Elie Wiesel

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Night | Section 7 | Summary



Eliezer's father lies next to him in the cattle car, somewhere between life and death. When the train stops, the SS instruct the men to throw out the dead. The men take the clothes off the dead. They try to take Eliezer's father, but Eliezer "hit[s] him harder and harder" and at last his father opens his eyes.

While on the transport, the men are not fed and live on eating snow. During one stop, a German worker throws bread onto the train car. A stampede erupts as the starved men are desperate. Eliezer says, "Beasts of prey unleashed, animal hate in their eyes." Observers throw more bread in as they find the spectacle of the men fighting entertaining. When a piece falls into Eliezer's car, he decides he will not fight for it. A son beats his father for a piece of bread and eventually it is taken from him; both father and son end up dead. Switching to his perspective as an adult, Wiesel relates watching a Parisian woman throw a coin to starving children after the war; the children fight over it with similar ferocity.

That night, Eliezer wakes up to a man trying to strangle him. Eliezer calls out to his father who grabs the man and asks his friend Meir Katz to help him; they manage to free Eliezer. A couple of days later Meir Katz is feeling depressed over the loss of his son, who was taken from him in the first selection, and Eliezer's father tries to encourage him. The wind is blowing and the snow is falling. Someone gets up and says, "We must not remain sitting. We shall freeze to death! Let's get up and move." The men respond, but a dying man cries out like a wounded animal, and after that, all the men imitate his cry. That night they reach the end of their journey. Out of the 100 people who were on Eliezer's car, only 12 remain alive as they get off the train at Buchenwald. Meir Katz has died.


Eliezer continues to struggle with the will to live when death seems inevitable. He describes the train car with its dead bodies piling up and thrown out at each stop as "a cemetery covered with snow." The disrespect for the human body has no limits. Yet when bread is thrown into the car by the German workers, the dead come alive as "an extraordinary vitality possesse[s] them." The bread brings out the worst in the men as they fight each other to the death over a crust. After he describes the scene, Eliezer merely says, "I was sixteen," as if the experience continues to overwhelm him now as it did then.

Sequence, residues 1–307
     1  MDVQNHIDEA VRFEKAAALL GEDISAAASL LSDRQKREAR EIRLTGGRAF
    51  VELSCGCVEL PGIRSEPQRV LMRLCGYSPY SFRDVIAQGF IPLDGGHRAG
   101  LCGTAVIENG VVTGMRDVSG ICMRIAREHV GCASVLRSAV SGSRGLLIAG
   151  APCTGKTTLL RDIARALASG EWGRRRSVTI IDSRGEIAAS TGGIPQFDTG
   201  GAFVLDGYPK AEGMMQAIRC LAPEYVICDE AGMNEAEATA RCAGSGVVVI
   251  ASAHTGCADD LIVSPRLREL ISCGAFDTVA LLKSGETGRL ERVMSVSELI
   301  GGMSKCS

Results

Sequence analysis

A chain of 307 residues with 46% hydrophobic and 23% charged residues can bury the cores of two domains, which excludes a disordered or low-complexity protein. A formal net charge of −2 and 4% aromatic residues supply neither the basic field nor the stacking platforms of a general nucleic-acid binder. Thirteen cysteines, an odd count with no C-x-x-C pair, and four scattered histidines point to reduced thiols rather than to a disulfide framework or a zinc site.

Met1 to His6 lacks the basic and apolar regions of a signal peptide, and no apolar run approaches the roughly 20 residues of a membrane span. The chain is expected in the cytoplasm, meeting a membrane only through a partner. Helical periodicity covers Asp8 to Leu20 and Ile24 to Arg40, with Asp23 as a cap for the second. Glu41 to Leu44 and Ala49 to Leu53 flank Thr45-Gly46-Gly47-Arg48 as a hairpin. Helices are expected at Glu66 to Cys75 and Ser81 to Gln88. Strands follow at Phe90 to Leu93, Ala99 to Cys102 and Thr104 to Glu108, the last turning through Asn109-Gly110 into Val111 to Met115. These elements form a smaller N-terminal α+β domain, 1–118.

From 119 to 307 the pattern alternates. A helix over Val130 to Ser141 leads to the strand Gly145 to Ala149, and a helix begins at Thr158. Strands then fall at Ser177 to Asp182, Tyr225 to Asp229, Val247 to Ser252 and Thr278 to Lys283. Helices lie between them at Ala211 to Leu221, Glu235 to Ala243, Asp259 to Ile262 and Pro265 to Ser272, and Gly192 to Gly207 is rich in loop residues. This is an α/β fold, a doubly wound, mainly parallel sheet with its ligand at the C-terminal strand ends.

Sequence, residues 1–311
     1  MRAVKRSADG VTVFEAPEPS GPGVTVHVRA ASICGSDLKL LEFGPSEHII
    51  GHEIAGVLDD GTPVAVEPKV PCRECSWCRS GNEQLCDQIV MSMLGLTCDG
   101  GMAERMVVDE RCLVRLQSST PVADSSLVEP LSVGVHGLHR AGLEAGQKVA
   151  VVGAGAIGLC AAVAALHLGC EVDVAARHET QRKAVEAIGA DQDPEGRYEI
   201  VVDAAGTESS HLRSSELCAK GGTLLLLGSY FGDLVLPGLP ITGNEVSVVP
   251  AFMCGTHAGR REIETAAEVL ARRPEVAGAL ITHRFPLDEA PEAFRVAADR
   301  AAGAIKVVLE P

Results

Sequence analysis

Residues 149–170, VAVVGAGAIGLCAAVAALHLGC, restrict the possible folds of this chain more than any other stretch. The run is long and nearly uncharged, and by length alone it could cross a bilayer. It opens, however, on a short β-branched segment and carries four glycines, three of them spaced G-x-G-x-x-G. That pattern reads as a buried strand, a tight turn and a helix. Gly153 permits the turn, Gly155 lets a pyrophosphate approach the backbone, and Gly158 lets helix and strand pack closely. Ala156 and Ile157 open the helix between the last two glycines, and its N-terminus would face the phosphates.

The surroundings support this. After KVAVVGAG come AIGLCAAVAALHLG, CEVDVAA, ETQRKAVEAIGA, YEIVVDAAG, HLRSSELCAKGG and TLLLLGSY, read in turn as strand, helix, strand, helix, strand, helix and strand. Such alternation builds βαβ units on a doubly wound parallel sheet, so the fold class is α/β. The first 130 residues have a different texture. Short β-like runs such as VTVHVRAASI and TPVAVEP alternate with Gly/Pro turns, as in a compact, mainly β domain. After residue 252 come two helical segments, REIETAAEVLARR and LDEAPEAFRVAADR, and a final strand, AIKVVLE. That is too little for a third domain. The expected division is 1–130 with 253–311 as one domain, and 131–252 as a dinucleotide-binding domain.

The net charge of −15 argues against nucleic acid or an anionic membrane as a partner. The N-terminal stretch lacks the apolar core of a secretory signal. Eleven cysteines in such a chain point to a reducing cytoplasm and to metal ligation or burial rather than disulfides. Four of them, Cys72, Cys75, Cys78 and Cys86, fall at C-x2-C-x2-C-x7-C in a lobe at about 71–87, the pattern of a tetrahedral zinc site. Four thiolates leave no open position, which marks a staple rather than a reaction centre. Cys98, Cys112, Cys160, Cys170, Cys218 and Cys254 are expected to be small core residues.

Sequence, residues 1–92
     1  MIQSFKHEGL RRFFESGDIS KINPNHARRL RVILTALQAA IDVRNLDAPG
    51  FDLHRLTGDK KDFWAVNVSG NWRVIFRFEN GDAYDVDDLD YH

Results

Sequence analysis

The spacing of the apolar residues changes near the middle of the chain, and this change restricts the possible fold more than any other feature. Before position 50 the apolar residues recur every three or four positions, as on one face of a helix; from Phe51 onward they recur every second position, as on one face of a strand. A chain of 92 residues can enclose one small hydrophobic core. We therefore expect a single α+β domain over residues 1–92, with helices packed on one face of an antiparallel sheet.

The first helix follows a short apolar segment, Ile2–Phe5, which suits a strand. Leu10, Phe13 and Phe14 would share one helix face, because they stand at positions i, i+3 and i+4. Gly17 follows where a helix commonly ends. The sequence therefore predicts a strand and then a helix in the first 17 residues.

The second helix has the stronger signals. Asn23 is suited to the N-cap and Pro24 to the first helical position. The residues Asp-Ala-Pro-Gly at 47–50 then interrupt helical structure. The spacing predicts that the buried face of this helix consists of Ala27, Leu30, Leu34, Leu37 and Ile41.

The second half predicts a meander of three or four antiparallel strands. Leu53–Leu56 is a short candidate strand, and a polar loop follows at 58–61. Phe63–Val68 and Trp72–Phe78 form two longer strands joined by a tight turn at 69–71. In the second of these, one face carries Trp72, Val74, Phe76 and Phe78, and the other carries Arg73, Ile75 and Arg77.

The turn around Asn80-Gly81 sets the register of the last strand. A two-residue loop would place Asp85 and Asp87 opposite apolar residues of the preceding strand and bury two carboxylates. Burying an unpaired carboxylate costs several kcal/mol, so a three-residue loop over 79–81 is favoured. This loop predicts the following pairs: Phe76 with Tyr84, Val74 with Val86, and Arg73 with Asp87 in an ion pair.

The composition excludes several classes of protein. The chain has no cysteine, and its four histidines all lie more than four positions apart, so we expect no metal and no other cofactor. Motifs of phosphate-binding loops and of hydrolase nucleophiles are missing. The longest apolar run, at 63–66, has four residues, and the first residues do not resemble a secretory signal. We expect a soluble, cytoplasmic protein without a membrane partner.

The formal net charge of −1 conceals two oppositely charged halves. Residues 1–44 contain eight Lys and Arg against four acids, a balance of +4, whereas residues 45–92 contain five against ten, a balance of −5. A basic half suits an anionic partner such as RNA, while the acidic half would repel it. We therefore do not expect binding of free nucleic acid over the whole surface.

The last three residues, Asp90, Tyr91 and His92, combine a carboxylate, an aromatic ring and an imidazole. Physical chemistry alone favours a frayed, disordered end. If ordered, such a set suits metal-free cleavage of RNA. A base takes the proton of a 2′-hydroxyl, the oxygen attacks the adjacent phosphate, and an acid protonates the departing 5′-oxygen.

Wiesel neither condemns nor judges the men. His understanding of the situation forces the reader to consider that the men have not been fed for days, have been riding in an open train car during a snowstorm, and are poorly clothed. Eliezer himself says he does not get involved in the scrum for bread because he would not be able "to fight off dozens of violent men!" A lack of ability, not a sense of decency, holds Eliezer back.

The German townspeople throw bread into the train for the men. While there may be an element of charity in this action, it is done primarily for entertainment, as the Parisian woman's similar action was done. Human cruelty, Eliezer shows, is not limited to the Nazis.

The starving, frozen men packed into train cars howl, aptly, like wounded animals near the end of this journey.

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